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Hypothesis for the separation of variables method

  1. Apr 5, 2008 #1
    Hello !

    I'm having a hard time finding the exact hypotheses which would allow me to use the separation of variables method for partial differential equations.

    I want a clear statement telling me 'when you have that very kind of partial differential equation (with precise boundary and initial conditions), you can apply the method'.

    I'd be glad if someone could write me the full theorem or give me a good link.

    Thank you ! ;-)
     
  2. jcsd
  3. Apr 5, 2008 #2

    epenguin

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    Maybe someone has a better answer, but in the meantime, at least for examples that come to my mind:

    1 The symmetry of the problem?

    2 It works? You will certainly be able to know if it gives you solutions, then whether these are the only ones is another question.
     
  4. Apr 5, 2008 #3

    HallsofIvy

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    I'm pretty much with epenguin. The equation itself is not enough. Many equations are separable in some coordinate systems but not others.
     
  5. Apr 7, 2008 #4
    Okay, I see.

    I'm going to try to explain better what I don't grasp.

    Imagine that I have to solve, for example, the one-dimensional heat equation (no source, constant coefficients) in cartesian coordinates, with certain boundary and initial conditions.

    There are two things that I'd like to know :

    1) The heat equation is of course separable (leading to 2 ordinary differential equations), and one can say that the solution takes the form [tex]\psi(x,t) = \phi(x) g(t)[\tex]. When you use this form, you choose very special fonctions [tex]\psi(x,t)[\tex]. Why can we say that the general solution to the heat equation takes this form ? Is it possible to see from the partial differential equation if all the solutions will take this form ?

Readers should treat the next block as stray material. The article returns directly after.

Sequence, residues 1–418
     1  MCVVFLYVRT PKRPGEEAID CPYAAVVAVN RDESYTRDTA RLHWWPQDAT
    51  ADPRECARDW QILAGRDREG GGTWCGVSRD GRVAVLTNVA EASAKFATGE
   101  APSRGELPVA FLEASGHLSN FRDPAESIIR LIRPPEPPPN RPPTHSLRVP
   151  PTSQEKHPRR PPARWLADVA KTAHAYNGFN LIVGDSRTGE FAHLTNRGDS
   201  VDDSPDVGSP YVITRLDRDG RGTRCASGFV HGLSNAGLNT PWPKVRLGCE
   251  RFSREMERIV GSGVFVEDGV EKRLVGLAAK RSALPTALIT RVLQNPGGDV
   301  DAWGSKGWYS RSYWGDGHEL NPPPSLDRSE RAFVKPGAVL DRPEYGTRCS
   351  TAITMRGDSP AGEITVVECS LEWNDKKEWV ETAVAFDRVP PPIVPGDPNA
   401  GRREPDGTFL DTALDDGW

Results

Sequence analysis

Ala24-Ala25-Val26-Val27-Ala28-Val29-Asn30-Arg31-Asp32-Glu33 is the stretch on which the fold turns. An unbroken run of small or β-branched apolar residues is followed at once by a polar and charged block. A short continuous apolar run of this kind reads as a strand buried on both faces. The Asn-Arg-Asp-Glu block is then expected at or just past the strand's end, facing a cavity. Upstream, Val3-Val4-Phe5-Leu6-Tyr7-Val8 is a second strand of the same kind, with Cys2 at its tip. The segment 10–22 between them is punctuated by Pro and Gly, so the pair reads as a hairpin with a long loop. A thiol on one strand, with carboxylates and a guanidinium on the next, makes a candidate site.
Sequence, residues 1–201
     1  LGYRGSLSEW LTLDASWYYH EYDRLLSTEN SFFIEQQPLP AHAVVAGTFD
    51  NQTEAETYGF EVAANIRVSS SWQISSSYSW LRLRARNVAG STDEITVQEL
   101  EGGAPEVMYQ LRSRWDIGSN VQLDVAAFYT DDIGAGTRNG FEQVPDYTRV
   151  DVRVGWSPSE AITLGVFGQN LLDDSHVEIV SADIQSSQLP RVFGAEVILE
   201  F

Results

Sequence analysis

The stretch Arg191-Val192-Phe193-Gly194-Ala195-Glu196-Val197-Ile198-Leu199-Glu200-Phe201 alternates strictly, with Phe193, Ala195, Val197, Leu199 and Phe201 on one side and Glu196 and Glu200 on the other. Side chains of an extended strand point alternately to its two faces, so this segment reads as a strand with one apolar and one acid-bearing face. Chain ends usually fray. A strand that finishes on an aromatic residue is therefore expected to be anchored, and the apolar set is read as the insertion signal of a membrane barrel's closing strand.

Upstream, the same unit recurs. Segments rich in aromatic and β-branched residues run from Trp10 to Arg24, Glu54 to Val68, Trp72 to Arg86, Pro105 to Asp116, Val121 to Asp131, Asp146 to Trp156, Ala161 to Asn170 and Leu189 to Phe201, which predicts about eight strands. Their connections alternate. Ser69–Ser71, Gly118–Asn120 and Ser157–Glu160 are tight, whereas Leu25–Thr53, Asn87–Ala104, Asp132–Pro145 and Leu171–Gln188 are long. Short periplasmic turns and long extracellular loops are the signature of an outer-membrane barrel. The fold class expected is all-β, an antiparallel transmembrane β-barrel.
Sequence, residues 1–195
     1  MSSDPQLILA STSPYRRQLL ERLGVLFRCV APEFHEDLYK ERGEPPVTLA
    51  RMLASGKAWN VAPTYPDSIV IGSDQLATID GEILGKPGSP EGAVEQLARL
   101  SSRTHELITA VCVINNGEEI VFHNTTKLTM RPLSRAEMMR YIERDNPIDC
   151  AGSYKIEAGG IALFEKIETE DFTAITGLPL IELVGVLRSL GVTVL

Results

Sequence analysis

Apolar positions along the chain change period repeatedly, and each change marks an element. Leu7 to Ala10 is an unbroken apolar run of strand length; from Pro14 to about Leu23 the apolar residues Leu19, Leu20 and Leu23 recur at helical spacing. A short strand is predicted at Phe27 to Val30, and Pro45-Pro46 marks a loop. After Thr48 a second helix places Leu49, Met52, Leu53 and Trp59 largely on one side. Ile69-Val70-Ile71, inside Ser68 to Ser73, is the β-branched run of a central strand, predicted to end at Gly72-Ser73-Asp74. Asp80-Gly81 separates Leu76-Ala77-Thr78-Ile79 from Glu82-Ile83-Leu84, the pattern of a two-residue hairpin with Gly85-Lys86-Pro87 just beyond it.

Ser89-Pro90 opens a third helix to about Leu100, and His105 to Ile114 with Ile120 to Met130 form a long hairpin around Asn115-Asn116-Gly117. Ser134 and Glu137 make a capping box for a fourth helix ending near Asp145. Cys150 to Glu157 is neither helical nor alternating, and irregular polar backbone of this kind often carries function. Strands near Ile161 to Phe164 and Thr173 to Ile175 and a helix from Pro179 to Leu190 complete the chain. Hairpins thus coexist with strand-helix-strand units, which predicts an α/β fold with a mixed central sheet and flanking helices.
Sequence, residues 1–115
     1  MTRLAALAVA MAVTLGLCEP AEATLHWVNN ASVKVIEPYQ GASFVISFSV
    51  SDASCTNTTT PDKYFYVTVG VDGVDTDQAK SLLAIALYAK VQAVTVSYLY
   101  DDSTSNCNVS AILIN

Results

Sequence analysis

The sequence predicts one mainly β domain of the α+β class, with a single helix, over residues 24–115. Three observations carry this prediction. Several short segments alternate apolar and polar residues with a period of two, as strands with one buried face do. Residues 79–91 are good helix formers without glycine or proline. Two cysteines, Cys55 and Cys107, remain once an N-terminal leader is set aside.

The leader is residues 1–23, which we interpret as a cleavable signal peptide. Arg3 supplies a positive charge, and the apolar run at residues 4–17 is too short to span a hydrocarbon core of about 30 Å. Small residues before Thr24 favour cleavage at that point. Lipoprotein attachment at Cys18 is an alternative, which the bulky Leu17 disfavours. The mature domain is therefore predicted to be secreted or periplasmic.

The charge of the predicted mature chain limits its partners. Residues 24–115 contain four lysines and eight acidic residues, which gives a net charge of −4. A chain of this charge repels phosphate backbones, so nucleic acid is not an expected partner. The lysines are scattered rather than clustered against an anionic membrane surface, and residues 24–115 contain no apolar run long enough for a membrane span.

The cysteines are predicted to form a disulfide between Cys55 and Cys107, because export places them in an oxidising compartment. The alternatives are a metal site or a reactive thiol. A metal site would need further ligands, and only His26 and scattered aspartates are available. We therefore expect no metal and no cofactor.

2) What is the exact role of homogeneity in the boundary conditions ?

    These two questions might be related... As I don't have a clear picture of all the exact conditions (and consequently my questions are not very transparent as well).

    Thanks ! ;-)

    EDIT : can somebody tell me how to use LaTeX ?
     
  6. Apr 7, 2008 #5
  7. Apr 7, 2008 #6

    lurflurf

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    1) We do not assume the general solution takes a special form (trig functions, exponentials, bessel functions, orthogonal polynomials, spherical harmonics ect.) we assume the general solution can be expanded in them. Such functions are complete sets every function (satisfying mild conditions) can be expanded in them.

    2) We need homogeneity in boundry conditions so that we can separate the variables. That is if u(x,t)=f(x)g(t) when we solve for f or g the boundry conditions would normally (without homogeneity)
    depend on the other variable thus the function would as well
    we can sometimes tediously avoid this

    say we solve laplaces equation on a square
    A.
    uxx+uyy=0
    0<=x,y<=1
    u(x,0)=w(x)
    u(x,1)=0
    u(0,y)=0
    u(1,y)=0

    everything goes nice
    how about a slight change to
    B.
    uxx+uyy=0
    0<=x,y<=1
    u(x,0)=w(x)
    u(x,1)=0
    u(0,y)=v(y)
    u(1,y)=0

    we will not in general be able to solve this directly

    now consider
    C.
    uxx+uyy=0
    0<=x,y<=1
    u(x,0)=0
    u(x,1)=0
    u(0,y)=v(y)
    u(1,y)=0

    this like A is easily solved
    the sum of our solutions to A and C solve B even though we failed to solve B directly
     
  8. Apr 7, 2008 #7

    lurflurf

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    I would suggest not trying to thing of this method in generality but rather in specific examples
    It is a very limited method
    how would you sovle the wave equation on a duck shaped region for example?
     
  9. Apr 8, 2008 #8
    The separability of Laplace and Helmoltz equations in a coordinate system is possible if and only if the cofactor of the Staekel matrix and metric tensor satisfy some appropriate relations. Look at the introductory pages of
    FIELD THEORY HANDBOOK - P.Moon-D.E.Spencer
    Springer 1961
     
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